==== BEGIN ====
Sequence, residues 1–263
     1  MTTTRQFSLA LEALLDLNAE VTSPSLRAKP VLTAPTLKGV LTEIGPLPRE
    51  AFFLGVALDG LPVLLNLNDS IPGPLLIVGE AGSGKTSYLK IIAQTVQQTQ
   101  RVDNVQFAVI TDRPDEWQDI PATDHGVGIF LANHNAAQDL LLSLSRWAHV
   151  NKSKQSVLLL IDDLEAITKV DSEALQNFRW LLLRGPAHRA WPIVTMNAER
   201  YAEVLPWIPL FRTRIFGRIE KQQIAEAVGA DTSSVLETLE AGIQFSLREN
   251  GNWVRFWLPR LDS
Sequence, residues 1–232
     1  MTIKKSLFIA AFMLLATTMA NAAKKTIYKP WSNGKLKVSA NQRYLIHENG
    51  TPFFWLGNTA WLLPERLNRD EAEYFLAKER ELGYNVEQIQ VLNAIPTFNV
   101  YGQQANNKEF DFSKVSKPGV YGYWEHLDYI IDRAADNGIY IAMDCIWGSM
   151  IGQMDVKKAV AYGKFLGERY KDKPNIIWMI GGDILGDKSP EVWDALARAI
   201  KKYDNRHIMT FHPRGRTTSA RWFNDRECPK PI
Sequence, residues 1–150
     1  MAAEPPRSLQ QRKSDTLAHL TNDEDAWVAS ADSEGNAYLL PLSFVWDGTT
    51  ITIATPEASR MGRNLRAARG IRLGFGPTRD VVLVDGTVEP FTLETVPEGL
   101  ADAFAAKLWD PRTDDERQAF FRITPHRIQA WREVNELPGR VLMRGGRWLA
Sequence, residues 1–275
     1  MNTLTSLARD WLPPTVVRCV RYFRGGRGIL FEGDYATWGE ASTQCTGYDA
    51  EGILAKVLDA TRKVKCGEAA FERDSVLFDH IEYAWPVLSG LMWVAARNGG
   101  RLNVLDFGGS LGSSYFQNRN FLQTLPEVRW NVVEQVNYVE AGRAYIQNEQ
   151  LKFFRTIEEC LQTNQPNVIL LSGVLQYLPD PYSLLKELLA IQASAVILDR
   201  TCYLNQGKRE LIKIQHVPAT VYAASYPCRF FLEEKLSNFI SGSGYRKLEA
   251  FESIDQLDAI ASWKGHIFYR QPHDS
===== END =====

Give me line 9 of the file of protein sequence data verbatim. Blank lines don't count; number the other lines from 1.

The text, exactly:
     1  MTIKKSLFIA AFMLLATTMA NAAKKTIYKP WSNGKLKVSA NQRYLIHENG